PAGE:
The Easiest $300 of “Recurring Revenue” I’ve Ever Earned

Photo by Alexander Mils on Unsplash

I know, that’s kind of a cheesy, linkbait-y line, but it grabbed your attention for something really worthwhile (and that “$300 revenue” is actually understated).

I’m kind of old school when it comes to insurance. Research, compare, buy a policy, and renew every billing period. Forever. I figured I’d benefit from long-term customer loyalty, earning preferred rates and possibly accident forgiveness. There was no trigger to prompt me to re-evaluate. So, I haven’t, for years.

Recently, my daughter, wh had had a somewhat expensive collision, moved off of my car insurance policy. onto her own policy. I expected a huge drop in my premiums. There was a drop, but nowhere near what I was expecting. So, I started reading up a bit.

I found out that, contrary to what I thought, loyal customers don’t actually get better rates than new customers. In fact, in most states, insurance companies can — and do — charge renewing customers higher rates than new customers — the exact opposite of what I thought.

How much more? Well, you’d probably be very surprised. I was absolutely stunned.

After reading a few articles, I learned that insurance companies habitually charge renewing customers more than new customers. It’s called “price optimization” — raising the rates on customers they figure are unlikely to switch. (They garner the data from way more than just your track record with them — they have access to data on practically anything you buy, or subscribe to.)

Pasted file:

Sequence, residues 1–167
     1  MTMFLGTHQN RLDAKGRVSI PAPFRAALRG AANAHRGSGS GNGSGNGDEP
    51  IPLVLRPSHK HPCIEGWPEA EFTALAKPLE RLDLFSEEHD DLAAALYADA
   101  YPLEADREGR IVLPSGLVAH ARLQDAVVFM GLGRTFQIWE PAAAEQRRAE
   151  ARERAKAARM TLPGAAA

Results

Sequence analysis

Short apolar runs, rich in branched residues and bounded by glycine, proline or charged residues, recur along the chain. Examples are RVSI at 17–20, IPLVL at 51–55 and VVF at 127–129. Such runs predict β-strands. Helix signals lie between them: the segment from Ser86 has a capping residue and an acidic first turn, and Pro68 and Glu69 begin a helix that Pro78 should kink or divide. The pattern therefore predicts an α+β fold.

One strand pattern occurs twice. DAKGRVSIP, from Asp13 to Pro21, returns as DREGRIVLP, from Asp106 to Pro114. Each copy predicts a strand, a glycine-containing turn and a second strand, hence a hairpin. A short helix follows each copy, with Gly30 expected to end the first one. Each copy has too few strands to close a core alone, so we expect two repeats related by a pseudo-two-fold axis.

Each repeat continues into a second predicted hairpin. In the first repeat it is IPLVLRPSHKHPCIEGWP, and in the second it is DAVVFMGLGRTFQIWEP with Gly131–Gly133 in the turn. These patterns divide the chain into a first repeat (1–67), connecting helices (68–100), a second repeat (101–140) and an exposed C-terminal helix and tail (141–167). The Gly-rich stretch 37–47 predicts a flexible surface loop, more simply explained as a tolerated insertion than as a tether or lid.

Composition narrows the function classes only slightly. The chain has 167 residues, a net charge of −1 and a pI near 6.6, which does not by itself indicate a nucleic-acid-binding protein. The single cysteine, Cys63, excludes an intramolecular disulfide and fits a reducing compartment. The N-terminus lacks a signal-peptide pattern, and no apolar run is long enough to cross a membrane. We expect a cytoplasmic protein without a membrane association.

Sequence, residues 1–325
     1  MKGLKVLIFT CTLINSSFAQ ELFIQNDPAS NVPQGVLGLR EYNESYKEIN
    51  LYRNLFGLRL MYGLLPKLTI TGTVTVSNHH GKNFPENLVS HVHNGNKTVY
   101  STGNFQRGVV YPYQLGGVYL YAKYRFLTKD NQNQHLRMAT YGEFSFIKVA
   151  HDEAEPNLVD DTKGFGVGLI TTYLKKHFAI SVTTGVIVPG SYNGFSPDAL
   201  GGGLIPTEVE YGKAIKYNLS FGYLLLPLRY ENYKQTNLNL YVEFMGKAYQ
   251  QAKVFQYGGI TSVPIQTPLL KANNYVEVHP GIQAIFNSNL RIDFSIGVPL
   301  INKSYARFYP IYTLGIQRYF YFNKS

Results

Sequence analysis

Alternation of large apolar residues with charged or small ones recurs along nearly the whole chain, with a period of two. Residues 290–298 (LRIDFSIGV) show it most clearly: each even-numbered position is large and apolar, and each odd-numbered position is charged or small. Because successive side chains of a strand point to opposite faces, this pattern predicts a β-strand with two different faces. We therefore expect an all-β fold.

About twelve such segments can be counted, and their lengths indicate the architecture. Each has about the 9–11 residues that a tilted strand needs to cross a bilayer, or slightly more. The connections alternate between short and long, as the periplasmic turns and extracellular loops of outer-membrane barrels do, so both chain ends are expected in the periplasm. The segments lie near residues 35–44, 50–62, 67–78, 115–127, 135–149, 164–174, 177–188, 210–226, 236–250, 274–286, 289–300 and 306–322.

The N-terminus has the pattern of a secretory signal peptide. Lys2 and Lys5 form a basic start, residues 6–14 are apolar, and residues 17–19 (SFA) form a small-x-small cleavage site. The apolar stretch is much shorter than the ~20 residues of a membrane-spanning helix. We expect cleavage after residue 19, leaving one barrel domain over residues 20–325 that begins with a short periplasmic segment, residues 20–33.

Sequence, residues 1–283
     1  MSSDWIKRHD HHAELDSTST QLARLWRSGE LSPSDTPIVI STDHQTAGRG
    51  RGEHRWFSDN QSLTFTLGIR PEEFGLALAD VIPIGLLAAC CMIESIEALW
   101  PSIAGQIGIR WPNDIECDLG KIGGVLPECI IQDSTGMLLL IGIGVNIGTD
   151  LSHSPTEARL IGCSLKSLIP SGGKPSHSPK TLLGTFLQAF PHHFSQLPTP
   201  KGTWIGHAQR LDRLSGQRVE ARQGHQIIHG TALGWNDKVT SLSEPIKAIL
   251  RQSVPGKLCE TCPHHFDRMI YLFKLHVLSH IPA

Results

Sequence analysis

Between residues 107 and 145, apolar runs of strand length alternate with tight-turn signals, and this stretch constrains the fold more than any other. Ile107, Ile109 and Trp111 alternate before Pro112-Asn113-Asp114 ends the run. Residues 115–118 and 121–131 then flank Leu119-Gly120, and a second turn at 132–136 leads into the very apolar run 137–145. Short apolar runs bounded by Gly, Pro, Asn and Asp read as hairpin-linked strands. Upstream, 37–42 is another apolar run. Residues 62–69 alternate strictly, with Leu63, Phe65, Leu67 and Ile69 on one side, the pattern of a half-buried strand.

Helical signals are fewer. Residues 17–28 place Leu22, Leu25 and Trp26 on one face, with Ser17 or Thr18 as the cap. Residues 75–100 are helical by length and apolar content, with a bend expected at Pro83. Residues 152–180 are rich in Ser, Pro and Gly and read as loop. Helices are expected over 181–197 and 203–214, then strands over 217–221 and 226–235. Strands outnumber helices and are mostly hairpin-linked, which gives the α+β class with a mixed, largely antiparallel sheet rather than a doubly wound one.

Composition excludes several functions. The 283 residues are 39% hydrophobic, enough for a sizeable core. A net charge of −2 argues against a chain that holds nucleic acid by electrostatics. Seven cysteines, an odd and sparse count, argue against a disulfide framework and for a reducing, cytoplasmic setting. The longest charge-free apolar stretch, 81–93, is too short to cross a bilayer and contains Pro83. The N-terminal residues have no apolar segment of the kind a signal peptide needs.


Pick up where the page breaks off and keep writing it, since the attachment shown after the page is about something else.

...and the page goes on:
I decided to contact 3 well-known insurance companies with good track records amongst their customers (using Consumer Reports, and several other reputable sources), and see what offers I could find.

After clicking through a few forms on each site to request quotes, I got 3 very attractive proposals — all in the ballpark of 1/3 the price of what I was currently paying for the exact same coverage. We’re talking some serious savings. My then-current 6-month premium was around $2600; all 3 of the new offers came in within the $800-$900 range for the same 6-month period, for the exact same coverages.

Doing the actual math, it worked out to saving me $291 a month, every month. That’s where the “recurring revenue” comes in — this is truly recurring savings. (Actually, it’s pure savings, not subject to income taxes, so it’s better than recurring earnings.)

I had been with my previous insurer for over 35 years, and had always been very happy with their service. But, paying three times as much for the same coverage? No way!

I suggest you do yourself a favor and spend the hour or so it takes to get an automated quote. You can potentially save hundreds of dollars a month.

P.S. When I called to cancel my old insurance policy, they re-analyzed my account, and came up with a new offer, very close to the other insurance companies — about 1/3 of their own previous quote. Note that, I had recently inquired about why my premiums were so high, and when I could expect them to come down — a couple of times — and was told by the agents that they had no idea how rates were calculated. Maybe you could just ask specifically for a rate review, or maybe you have to start the cancellation process — I don’t know. But, I’d start by getting a few quotes from other companies, to get a feel for whether it’s worthwhile to consider a change.

Originally published at on August 3, 2021.



Software developer, solopreneur, founder/owner of and

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